While technology has made it considerably easier for novice investors to research investment opportunities, the role of a financial professional capable of creating a comprehensive investment plan that leverages their knowledge and skills in service of your short- and long-term financial goals is hardly obsolete. Indeed, a recent analysis by Vanguard revealed that an optimized investment strategy may help a client paying an annual 1% asset management fee realize a 7% average annual rate of return—a not at all insignificant boost.
Here’s a closer look at the role an investment professional plays in your financial life, and why developing a relationship with a skilled advisor may be one of the most important financial decisions you make.
Informed Investment Decisions Combined with Due Diligence
Money can be an emotionally-charged subject for any investor, regardless of how much they can afford to lose. Yet, financial decisions made based on any emotion—whether it’s fear, excitement, hope, anxiety, or greed—rarely yield a positive outcome. The relationship between emotions and money is so complex that an entire field of study, behavioral economics, is dedicated to understanding why humans make inconsistent, illogical, and sometimes self-defeating economic decisions. The key is to gain a degree of perspective that allows you to successfully navigate the conflicting emotions—both positive and negative—that often come into play as you weigh investment decisions.
A skilled investment professional can work with you to build a sound, diversified “big picture” strategy around your own unique set of goals and resources, vetting opportunities and identifying risks. Such a comprehensive investment plan can include:
- Asset allocations that diversify your portfolio in order to manage fees, volatility, risk and maximize returns
- Placing assets in appropriate taxable and tax-advantaged accounts
- Rebalancing asset allocations when needed, based on the agreed upon investment philosophy
- Products like insurance that may reduce risk, and provide asset protection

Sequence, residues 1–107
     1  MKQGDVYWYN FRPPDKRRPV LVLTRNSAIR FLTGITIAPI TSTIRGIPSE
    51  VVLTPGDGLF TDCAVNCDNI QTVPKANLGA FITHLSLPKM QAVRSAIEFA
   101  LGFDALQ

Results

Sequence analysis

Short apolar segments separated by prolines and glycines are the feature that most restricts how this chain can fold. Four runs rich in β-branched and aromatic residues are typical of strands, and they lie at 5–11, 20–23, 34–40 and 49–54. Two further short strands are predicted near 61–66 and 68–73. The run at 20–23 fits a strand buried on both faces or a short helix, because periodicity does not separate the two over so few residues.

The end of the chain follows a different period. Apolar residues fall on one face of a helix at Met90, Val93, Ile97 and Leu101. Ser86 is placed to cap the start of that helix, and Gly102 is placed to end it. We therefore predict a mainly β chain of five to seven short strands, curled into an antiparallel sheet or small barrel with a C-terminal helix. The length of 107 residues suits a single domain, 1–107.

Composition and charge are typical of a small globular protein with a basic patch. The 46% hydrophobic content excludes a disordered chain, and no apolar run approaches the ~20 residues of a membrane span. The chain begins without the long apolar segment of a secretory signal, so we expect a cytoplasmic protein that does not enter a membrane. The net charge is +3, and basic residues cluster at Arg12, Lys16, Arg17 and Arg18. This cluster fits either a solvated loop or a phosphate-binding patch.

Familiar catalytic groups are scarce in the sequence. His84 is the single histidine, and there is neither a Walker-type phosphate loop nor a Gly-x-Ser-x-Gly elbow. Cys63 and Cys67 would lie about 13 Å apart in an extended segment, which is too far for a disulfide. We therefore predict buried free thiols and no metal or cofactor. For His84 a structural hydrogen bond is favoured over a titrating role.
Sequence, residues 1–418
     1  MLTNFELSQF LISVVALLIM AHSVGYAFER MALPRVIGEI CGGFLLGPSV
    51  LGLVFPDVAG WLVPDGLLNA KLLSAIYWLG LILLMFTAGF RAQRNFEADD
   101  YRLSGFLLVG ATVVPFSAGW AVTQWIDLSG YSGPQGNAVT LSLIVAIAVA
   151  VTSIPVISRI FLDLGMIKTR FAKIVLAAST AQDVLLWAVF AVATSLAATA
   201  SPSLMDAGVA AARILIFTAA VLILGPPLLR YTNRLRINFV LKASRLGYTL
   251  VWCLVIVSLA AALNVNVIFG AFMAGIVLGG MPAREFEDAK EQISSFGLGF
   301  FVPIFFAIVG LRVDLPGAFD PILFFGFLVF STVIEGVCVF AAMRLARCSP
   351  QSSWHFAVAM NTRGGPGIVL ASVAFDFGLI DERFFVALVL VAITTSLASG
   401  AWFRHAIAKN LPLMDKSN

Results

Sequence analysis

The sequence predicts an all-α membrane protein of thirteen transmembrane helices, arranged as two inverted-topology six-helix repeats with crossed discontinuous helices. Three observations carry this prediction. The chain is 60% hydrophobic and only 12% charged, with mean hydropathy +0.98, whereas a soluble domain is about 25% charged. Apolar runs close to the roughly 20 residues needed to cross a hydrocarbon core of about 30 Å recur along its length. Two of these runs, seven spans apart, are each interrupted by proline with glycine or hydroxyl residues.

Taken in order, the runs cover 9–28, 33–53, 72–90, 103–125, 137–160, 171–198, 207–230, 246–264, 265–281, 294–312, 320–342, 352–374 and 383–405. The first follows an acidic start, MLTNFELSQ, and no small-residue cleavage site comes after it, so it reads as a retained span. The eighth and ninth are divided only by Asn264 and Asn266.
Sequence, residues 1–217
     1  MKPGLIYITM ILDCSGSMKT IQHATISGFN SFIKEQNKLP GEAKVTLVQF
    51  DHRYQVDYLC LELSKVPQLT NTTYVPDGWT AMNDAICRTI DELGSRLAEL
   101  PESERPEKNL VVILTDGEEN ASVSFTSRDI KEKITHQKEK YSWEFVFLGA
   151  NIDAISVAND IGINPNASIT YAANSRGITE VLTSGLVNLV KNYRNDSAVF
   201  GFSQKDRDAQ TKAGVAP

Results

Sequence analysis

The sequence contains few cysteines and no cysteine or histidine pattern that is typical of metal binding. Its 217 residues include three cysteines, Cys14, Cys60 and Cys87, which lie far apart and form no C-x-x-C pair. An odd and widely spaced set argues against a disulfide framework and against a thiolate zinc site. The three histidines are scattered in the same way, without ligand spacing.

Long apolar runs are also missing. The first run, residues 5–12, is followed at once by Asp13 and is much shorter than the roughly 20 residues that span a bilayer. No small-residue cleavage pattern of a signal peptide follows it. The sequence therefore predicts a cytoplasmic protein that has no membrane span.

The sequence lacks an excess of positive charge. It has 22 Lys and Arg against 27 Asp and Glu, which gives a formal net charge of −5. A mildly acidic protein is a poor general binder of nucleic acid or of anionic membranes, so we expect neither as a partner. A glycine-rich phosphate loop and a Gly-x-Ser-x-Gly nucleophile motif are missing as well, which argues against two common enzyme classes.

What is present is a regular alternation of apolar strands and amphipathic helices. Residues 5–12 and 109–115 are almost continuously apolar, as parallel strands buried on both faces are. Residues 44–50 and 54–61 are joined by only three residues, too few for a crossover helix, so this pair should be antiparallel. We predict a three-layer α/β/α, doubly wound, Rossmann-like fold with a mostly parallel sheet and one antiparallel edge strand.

It can be difficult for investors to identify a holistic approach that can satisfy competing goals without professional advice—how, for example, do you save money to buy a home while reducing debt? Or finance a child’s college education while amassing enough wealth to comfortably retire? There is also an opportunity cost associated with not taking action to accomplish multiple financial objectives, which is why an experienced investment professional will strive to pursue shorter and longer term financial goals simultaneously, protecting dreams against future exposure risks clients may not foresee—say, inflation and tax exposure—and leveraging a variety of vehicles such as trusts, annuities, and insurance.
What to Expect When You Work with an Investment Professional
If you decide to hire an investment professional, be clear about your expectations, including how involved you’d prefer to be in the management of your account. Establish a cadence of communication you prefer in terms of how often you want to hear from the advisor, and how you want to be contacted.
When you meet with your advisor, it’s helpful to bring your financial paperwork, including:
- Investment, retirement and bank statements
- Current pay stubs
- Lists of debts and monthly expenses
- Statements for mortgage, student loans or credit cards
- Your monthly budget (if you have one)
It is also essential that you develop a sense of mutual trust with the financial advisor you ultimately choose to work with—to solicit the best, most useful advice you must feel comfortable candidly discussing your concerns, goals, and resources.
When you meet with an advisor, expect to be asked about your professional and personal life as well as any future plans that may impact your finances—such as starting a family or changing jobs. You’ll likely be asked about your current financial habits and behaviors, too. A worthy, seasoned investment advisor will not “judge” or criticize you for your income, debt, or account balances—the information is simply necessary for them to understand where you are so they can create a plan designed to get you where you want to be.